DirecTV Can't Drop Ovation TV, Reelz After Losing Court Ruling (Exclusive)
A Minnesota judge rules that Hubbard Broadcasting has a "continuous right" to two channels on the satellite TV platform as a result of a merger.
Ovation TV and Reelz, two struggling TV networks, have gotten a huge boost in Minnesota federal court. Because of a ruling on Thursday concerning a 15-year-old merger agreement, the two networks are virtually guaranteed placement on DirecTV's platform.
The genesis of the dispute — which has been under wraps until late last week — dates back to the late 20th century, during the race to launch satellites into space. At the time, it wasn't apparent that DirecTV would become the leading satellite TV service, so successful that AT&T now wants to acquire it for $48 billion. Besides competing with the predecessor to Dish Network, DirecTV was also battling United States Satellite Broadcasting (USSB), owned by Stanley Hubbard, who had exclusive carriage deals with HBO and Showtime.
DirecTV took care of this in 1999 by merging with USSB in a somewhat unique marriage. Along with $1.3 billion, Hubbard also secured a long-term programming agreement to ensure that his family would be in the satellite TV business for "generations." The parties agreed that Hubbard would have a distribution right on up to three channels, but the exact deal was somewhat ambiguous.
During negotiations, Hubbard proposed the right should last in "perpetuity" while DirecTV wanted the right to be limited to seven years. Drafts of the agreement suggest the dealmakers began talking about rights granted "on an ongoing basis," but in the end, DirecTV and Hubbard didn't specify an exact expiration date.
Hubbard, though, did secure the right to distribute programming on three channels "owned and controlled" by the Hubbard family and their "lineal descendants."
Channel No. 1 was the All News Channel, which Hubbard Broadcasting Inc. (HBI) launched in 1989 as a competitor to CNN. But it died soon after the merger.
To fill slots two and three, HBI launched ReelzChannel, whose slogan is "Hollywood Happens Here," and Ovation TV, which is heavy on arts programming like the competition series The Fashion Fund.
In 2013, seven years after Reelz and Ovation launched, the networks were up for a contract renewal. Hubbard's company says it made numerous proposals to DirecTV, which allegedly wasn't interested in renewing the contract. Instead, it claimed that the old programming agreement with Hubbard was "no longer valid." On the verge of having its networks dropped last September, Hubbard filed a lawsuit.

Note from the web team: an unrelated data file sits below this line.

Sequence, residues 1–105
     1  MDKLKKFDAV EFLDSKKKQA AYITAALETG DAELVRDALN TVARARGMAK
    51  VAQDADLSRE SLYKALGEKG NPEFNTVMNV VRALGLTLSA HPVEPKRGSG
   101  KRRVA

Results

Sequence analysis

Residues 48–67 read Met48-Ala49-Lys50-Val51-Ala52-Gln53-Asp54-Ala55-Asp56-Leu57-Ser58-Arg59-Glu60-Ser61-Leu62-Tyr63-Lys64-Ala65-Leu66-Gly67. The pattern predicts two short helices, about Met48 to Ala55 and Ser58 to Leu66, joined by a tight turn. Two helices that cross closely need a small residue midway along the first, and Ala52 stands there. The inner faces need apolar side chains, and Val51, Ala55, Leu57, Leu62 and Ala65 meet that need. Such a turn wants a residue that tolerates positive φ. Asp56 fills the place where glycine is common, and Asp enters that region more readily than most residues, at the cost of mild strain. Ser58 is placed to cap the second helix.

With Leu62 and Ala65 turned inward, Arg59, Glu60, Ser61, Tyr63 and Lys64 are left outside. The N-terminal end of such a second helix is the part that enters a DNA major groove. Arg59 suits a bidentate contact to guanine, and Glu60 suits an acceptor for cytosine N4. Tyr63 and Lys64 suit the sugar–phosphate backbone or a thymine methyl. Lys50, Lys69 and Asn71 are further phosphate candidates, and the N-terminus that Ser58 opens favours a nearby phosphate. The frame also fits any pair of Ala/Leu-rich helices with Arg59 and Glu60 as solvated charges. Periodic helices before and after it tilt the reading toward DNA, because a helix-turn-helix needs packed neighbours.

There are many issues in this case, but the one that U.S. District Judge Donovan Frank first addressed in Thursday's summary judgment ruling is the "nature, force and effect" of the 1999 preferred programming agreement. Judge Frank concludes that Hubbard has a "continuous right that lasts for as long as" the networks continue to meet the criteria of being owned and controlled by the Hubbard family. In his opinion (read here), he points to the "plain language" of the contract as well as the extrinsic evidence relating to the circumstances surrounding the merger negotiations.
"[T]here is evidence that during the merger negotiations, HBI indicated that it would not agree to a merger without a guarantee that the HBI family could remain in the satellite television business for the long term," writes the judge.
"Notably, the PPA does not contain a calendar term limit on HBI's distribution rights," the judge later adds. "Instead, it provides HBI with a right to distribute three networks on DIRECTV's platform as long as the networks meet the Hubbard Channel Programming Criteria. Accordingly, the Court declines to read the affiliation agreements so as to impose a time limitation on HBI’s right to distribute under the PPA."
As a result of the decision, it appears that DirecTV can't unilaterally drop Reelz and Ovation without negotiating in good faith commercially reasonable terms and conditions that are similar to comparable networks. DirecTV is also facing a claim of not honoring its obligation to negotiate in good faith, but that will be addressed next by the judge.
In response to the ruling, DirecTV tells The Hollywood Reporter, "We are disappointed and disagree with the Court's decision, but we will continue to negotiate in good faith, as we always have, for carriage of the two channels at issue. We are also assessing our appellate options to address the ruling's errors."